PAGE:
Close-Up: On the Campaign Couch ... with JB

Q: I'm a young graduate and have been working in the post-room of a major ad agency for more than a year now. I am keen to get on in the industry, but how long should I wait to be promoted before approaching another agency? A: It was the summer of 1960 (or very possibly 1964) and the young lad from the JWT post-room used to visit my office several times a day even when he had no mail to deliver. This was because I had a television set in my room and he wanted to watch the Olympic Games.

I got to know him quite well and remember saying to his departmental head: "Mark my words, Harry, this lad will go a long way. Not only will he prove to be an outstanding account person and managing director, but I wouldn't be at all surprised if he then went on to found his own agency, ending up with a knighthood."

Harry was unimpressed and the young lad very sensibly left for another agency. The sooner you do the same the better. Your departmental head has no interest whatsoever in securing your promotion. The better you are in the post-room, the less he'll want to lose you. And anyway, what can you do in the post-room that will impress upon management your brilliant potential as a mesmerising suit?

If Frank Lowe couldn't hack it, you certainly won't.

Q: My agency is so old-fashioned that it feels like going into a 50s government office every time I visit. I feel like putting the account out to pitch to wake them up. Should I?

A: Contrary to the belief of celebrity marketing directors, advertising agencies are not fashion accessories. Like advertising itself, they're best evaluated on performance rather than appearance.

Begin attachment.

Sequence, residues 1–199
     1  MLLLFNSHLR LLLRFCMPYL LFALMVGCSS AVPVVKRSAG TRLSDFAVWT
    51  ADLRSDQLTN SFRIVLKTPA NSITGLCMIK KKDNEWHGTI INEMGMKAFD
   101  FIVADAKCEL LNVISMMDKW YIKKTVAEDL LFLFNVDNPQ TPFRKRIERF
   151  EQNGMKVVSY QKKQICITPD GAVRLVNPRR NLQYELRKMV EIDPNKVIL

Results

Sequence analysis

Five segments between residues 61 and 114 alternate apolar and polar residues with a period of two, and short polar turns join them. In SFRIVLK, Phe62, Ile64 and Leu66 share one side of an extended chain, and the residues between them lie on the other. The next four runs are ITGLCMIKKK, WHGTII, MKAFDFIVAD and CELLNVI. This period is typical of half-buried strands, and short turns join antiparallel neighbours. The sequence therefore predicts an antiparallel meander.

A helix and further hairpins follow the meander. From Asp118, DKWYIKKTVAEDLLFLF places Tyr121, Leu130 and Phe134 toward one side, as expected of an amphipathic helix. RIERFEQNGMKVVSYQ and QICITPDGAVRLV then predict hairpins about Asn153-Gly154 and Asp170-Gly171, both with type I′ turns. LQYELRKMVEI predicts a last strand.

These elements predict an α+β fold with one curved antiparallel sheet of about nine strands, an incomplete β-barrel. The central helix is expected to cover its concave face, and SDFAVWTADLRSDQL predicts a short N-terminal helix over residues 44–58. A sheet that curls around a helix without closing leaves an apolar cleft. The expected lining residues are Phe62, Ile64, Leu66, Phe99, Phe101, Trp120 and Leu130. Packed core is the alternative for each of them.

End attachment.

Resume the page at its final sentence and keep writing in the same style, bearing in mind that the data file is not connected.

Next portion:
Just how 50s is this agency of yours in its delivery? Has it noticed the arrival of independent television as an advertising medium, for example?

If so, that's quite encouraging.

Perhaps you find your agency courteous, thoughtful, methodical and accurate in its invoicing? 50s values all. How has your brand prospered under this agency's guidance? Has it shown itself to be surprisingly resilient in the face of some fairly flashy competition? If so, count your blessings - and simply avert your gaze from that copy of London Illustrated News in your agency's reception.

Trying to jolt a bunch of punctilious professionals into behaving like a bunch of cool cats will leave you with neither professionalism nor coolth.

On the other hand, if your brand's in trouble, you should be fretting about function, not fashion.

Q: We think one of our clients has called a pitch because they want to hire a cooler agency. Should we bother repitching?

A: Agencies cemented waist- deep in the past like to dismiss their nimbler competitors as mere fashionistas: it releases them from the exhausting contemplation of change. Anyway, the prevailing mood is one of back to basics. Serious times demand serious practitioners. The heat's gone out of cool, we all know that.

The trouble, me old mate, is that cool comes in two kinds. There's the cool of the ice-cream wafer; insubstantial, brittle and soon forgotten. Wafer agencies pose you no threat. And there's the cool of the ice-rink, where driven perfectionists deliver extraordinary performance with elegance, speed and effortless grace. Ice-rink agencies will dance a figure-of-eight round your client in the time it takes you to find your reading glasses.

If this is the kind of cool your client's gone looking for, chuck in the towel this minute and take up topiary.

Q: I'm a new-business director at a medium-sized agency and I've started going out with the new-business director at a rival agency. Do you think we should tell our bosses?

A: Yes.

- Jeremy Bullmore is a former chairman of J. Walter Thompson and a director of WPP. He also writes a monthly column for Management Today. He welcomes questions via or Campaign, 174 Hammersmith Rd, London W6 7JP.